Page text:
Kim, a young boy living on his own on the streets of India, is actually the son of a British officer. He meets a lama, a holy man, and devotes himself to his tending. But when British administrators discover his birthright, he is placed in a British school. His nature, however, is opposed to the regimentation expected for the son of a British soldier, and he rebels. His familiarity with Indian life and his ability to pass as an Indian child allows him to function as a spy for the British as they attempt to thwart revolution and invasion of India. Rejoining his holy man, Kim (with the help of daring adventurer Mahbub Ali) takes on a dangerous mission. Written by
Jim Beaver <email@example.com>
Originally bought as a property for Freddie Bartholomew in 1938. Production was so far under way (including Bartholomew posing with Indian elephants for newsreel cameras), that the project was eventually abandoned to save costs. In 1942 it was revived as a property for Mickey Rooney but it too was abandoned at behest of the Office of War Information because of its imperialistic theme. See more »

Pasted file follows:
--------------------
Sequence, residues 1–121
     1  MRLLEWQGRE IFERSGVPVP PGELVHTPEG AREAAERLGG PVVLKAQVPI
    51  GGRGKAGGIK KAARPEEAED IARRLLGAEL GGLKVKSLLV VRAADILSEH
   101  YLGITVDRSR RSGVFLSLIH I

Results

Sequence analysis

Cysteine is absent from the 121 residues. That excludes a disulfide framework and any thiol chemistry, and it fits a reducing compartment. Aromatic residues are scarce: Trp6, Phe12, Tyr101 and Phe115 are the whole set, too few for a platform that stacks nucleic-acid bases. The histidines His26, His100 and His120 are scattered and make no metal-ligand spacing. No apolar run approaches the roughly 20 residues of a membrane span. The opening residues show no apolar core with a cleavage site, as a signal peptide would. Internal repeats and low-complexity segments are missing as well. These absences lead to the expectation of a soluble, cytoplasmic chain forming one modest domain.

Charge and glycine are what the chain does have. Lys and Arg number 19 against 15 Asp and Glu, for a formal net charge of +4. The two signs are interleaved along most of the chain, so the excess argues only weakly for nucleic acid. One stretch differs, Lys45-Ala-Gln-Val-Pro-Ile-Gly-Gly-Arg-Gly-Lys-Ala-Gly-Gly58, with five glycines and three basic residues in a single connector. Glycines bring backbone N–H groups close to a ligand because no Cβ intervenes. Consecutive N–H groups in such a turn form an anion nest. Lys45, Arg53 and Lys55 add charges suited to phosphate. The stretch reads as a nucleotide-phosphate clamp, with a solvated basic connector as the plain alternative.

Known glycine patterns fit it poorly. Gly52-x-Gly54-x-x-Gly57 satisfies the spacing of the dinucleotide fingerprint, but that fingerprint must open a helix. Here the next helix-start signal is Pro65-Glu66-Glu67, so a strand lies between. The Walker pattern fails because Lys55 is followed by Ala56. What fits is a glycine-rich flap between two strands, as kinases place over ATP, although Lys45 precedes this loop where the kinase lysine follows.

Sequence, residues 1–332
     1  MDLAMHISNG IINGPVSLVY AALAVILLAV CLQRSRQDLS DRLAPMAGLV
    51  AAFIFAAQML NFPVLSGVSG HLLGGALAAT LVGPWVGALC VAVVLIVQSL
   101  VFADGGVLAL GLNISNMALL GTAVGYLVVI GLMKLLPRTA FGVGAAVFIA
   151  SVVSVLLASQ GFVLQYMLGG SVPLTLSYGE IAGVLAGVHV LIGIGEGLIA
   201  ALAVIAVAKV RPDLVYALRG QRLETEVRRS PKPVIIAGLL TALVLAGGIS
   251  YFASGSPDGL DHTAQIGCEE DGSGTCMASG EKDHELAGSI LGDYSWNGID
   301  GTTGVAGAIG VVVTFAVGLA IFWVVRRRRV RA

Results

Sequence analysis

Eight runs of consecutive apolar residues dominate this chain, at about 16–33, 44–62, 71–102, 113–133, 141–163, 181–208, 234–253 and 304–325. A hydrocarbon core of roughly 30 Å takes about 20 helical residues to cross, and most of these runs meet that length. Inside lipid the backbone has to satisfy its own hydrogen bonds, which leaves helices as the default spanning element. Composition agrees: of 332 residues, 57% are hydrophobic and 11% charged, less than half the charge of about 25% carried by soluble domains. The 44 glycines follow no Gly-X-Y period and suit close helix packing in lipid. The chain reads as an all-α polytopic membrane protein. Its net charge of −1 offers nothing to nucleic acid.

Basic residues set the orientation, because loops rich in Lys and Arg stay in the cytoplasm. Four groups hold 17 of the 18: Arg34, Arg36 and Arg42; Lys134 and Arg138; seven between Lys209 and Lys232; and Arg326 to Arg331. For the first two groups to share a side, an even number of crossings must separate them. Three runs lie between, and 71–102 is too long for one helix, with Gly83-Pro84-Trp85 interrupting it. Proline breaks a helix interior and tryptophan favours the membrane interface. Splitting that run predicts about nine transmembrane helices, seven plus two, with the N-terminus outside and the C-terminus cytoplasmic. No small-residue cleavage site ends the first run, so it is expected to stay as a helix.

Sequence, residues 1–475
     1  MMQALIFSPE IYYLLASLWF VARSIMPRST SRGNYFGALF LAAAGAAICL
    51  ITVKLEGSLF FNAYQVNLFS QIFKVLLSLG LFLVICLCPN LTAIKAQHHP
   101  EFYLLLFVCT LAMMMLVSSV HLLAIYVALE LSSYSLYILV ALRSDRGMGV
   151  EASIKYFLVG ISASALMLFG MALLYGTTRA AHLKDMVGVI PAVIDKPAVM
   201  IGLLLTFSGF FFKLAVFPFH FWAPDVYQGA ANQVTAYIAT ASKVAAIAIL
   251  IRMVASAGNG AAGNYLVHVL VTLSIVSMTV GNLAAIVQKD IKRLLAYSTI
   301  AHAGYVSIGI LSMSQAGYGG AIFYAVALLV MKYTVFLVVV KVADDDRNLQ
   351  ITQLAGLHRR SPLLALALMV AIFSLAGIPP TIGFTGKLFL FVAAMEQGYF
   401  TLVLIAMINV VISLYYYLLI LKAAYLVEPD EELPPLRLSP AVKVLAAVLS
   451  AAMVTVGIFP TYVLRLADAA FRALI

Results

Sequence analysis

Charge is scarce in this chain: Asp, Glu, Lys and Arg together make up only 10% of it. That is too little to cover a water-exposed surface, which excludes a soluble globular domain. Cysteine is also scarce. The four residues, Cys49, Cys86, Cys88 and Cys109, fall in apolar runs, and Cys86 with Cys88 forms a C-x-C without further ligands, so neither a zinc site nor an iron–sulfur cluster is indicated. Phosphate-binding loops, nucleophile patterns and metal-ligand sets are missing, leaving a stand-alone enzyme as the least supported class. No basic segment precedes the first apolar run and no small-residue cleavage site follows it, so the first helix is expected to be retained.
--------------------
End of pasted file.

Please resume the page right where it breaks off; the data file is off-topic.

Near the end, Kim's string of beads alternates between being tucked inside his jacket in full shots and hanging outside the coat, draped over his lapels, in close-ups See more »
[as they are about to cross a stream, Kim spots a cobra on a rock]
No, holy one, don't go there. See - a cobra, king cobra!
[Kim picks up a large stone to kill it]
No, let him live out his life! He's bound on the wheel of life as we are. Great evil this soul must have done to be reborn in this shape!
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Grand retelling of wonderful story, Flynn still shines
This is a grand retelling of a wonderful story, with Flynn still shining through, though he is not in fact the main character in the tale. Young Dean Stockwell is the person who is on camera on almost every scene and he shows swagger and plumb that indicates a real talent and understanding of his part. While Flynn was certainly nearing the end of his career, he still showed he still possessed his outstanding ability to play parts such as his "horse trader" in this costumer, which no actors alive today, save Peter O'Toole or Sean Connery - who not surprisingly made another outstanding Kipling piece into the movie - "The Man Who Would Be King", are able to match. The movie is highly entertaining and the supporting players are veterans all and play their parts very well.
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